The objective is to characterize monoaminergic (MA) projections to cerebral cortex in terms of anatomic and chemical features that are important determinants of function. This study will provide a definitive account of the neurotransmitters and the cortical distribution of projections from the raphe nuclei and locus coeruleus. A central theme of this project is to test a new hypothesis that the raphe nuclei send multifocal projections to small patches of cortex; thus, clusters of adjacent neurons may selectively influence specific sets of cortical areas. Four sets of inter-related experiments are proposed. 1) Anterograde axonal transport of a lectin (PHA-L) will be employed to characterize and compare the terminal distribution of raphe-cortical and of coeruleo-cortical axons. 2) The transmitters and projections of non-5-HT neurons in the raphe nuclei will be determined. To this end, anterograde and retrograde transport methods will be combined with transmitter immunocytochemistry in order to identify the neurotransmitters of cortically projecting raphe neurons and their axon terminals. 3) The preliminary finding that 5-HT cells in different raphe nuclei give rise to highly distinctive axon terminals will be verified, and electron microscopy will be used to determine whether the specialized varicosities reflect differences in synaptic morphology and organization. 4) The intracortical localization of 5-HT receptors will be mapped and correlated with regional and laminar patterns of 5-HT innervation. [The project employs highly sensitive neuroanatomic methods for anterograde and retrograde axonal transport in combination with transmitter immunocytochemistry, receptor autoradiography and electron microscopy.] This study should provide new information of clinical importance concerning the functional organization of MA neurons. These neuronal projections are thought to regulate cortical excitability and to be involved in several neuro-psychiatric disorders, particularly the dementias and affective disorders. Moreover, these experiments should help to elucidate the effects of particular drugs of abuse recently shown to be selectively cytotoxic to 5-HT axons.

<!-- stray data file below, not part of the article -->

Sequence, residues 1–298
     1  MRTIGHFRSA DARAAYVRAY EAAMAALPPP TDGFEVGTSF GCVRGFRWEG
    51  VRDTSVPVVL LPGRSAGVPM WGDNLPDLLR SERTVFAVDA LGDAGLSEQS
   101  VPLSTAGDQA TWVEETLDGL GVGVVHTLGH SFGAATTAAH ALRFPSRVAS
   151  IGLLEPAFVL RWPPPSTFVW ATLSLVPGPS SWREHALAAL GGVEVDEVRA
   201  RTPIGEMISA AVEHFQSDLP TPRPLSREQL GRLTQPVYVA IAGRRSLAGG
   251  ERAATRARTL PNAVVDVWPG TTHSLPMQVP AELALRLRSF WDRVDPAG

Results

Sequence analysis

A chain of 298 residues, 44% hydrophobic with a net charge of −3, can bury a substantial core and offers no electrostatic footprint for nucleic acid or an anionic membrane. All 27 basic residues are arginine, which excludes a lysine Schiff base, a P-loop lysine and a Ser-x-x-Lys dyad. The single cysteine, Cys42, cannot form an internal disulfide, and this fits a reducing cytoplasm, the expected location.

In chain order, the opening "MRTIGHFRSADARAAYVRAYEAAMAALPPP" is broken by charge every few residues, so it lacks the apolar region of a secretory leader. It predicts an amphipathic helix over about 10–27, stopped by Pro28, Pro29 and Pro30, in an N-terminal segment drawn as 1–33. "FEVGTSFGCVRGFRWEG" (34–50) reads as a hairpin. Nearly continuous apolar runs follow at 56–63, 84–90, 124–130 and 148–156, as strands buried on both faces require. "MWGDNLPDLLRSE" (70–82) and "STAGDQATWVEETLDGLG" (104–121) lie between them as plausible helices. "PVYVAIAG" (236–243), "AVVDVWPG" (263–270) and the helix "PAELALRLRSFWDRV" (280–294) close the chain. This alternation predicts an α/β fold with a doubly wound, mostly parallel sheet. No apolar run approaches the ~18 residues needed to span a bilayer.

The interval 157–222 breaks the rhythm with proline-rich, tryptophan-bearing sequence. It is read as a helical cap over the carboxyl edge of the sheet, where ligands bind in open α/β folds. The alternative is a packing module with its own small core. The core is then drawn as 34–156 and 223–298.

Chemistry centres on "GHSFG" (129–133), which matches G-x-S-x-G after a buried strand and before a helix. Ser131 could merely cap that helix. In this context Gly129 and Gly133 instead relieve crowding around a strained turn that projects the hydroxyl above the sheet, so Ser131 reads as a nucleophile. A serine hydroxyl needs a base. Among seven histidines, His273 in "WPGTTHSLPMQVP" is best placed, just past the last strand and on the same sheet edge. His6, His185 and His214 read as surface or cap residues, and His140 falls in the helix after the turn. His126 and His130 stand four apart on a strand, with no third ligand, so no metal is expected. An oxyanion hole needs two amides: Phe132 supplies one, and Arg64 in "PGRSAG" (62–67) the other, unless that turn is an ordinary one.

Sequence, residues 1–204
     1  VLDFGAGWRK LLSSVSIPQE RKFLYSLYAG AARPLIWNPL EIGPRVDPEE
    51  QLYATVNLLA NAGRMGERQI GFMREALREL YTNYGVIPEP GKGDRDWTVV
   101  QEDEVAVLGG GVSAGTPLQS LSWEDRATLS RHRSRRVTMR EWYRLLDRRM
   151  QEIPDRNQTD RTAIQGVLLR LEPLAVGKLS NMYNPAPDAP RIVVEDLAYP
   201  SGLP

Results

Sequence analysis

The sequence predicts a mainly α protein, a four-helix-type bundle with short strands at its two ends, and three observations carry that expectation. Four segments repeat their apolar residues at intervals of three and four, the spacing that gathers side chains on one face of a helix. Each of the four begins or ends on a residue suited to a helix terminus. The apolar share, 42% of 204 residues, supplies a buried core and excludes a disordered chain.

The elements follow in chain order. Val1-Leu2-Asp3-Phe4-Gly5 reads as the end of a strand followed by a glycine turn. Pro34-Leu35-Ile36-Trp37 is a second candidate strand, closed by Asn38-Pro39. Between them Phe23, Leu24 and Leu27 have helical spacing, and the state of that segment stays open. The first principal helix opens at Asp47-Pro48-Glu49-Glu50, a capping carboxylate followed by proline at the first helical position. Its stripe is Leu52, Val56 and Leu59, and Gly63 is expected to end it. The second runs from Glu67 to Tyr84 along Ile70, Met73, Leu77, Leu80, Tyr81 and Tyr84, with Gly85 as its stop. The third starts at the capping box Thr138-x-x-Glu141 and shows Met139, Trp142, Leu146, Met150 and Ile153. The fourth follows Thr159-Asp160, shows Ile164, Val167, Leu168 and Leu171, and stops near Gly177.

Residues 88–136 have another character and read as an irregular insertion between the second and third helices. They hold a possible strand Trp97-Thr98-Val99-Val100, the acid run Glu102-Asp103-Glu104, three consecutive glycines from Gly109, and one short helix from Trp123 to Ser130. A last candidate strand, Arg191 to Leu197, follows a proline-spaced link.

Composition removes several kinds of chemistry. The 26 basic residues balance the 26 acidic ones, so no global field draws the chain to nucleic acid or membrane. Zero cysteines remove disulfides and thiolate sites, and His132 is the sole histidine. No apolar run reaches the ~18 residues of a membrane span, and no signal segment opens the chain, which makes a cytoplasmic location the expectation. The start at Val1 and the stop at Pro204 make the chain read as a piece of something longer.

National Institute of Health (NIH)
National Institute of Neurological Disorders and Stroke (NINDS)
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Neurology B Subcommittee 1 (NEUB)
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Johns Hopkins University
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Wilson, M A; Molliver, M E (1994) Microglial response to degeneration of serotonergic axon terminals. Glia 11:18-34
Series, H G; Molliver, M E (1994) Immunocytochemical evidence for serotonergic neurotoxicity of N-ethyl-methylenedioxyamphetamine (MDE). Exp Neurol 128:50-8
Wilson, M A; Mamounas, L A; Fasman, K H et al. (1993) Reactions of 5-HT neurons to drugs of abuse: neurotoxicity and plasticity. NIDA Res Monogr 136:155-78;discussion 178-87
Mamounas, L A; Mullen, C A; O'Hearn, E et al. (1991) Dual serotoninergic projections to forebrain in the rat: morphologically distinct 5-HT axon terminals exhibit differential vulnerability to neurotoxic amphetamine derivatives. J Comp Neurol 314:558-86
Wilson, M A; Molliver, M E (1991) The organization of serotonergic projections to cerebral cortex in primates: retrograde transport studies. Neuroscience 44:555-70
Molliver, M E; Berger, U V; Mamounas, L A et al. (1990) Neurotoxicity of MDMA and related compounds: anatomic studies. Ann N Y Acad Sci 600:649-61;discussion 661-4
Molliver, M E; Mamounas, L A; Wilson, M A (1989) Effects of neurotoxic amphetamines on serotonergic neurons: immunocytochemical studies. NIDA Res Monogr 94:270-305
Blue, M E; Yagaloff, K A; Mamounas, L A et al. (1988) Correspondence between 5-HT2 receptors and serotonergic axons in rat neocortex. Brain Res 453:315-28
Mamounas, L A; Molliver, M E (1988) Evidence for dual serotonergic projections to neocortex: axons from the dorsal and median raphe nuclei are differentially vulnerable to the neurotoxin p-chloroamphetamine (PCA). Exp Neurol 102:23-36
Lyons, W E; Grzanna, R (1988) Noradrenergic neurons with divergent projections to the motor trigeminal nucleus and the spinal cord: a double retrograde neuronal labeling study. Neuroscience 26:681-93

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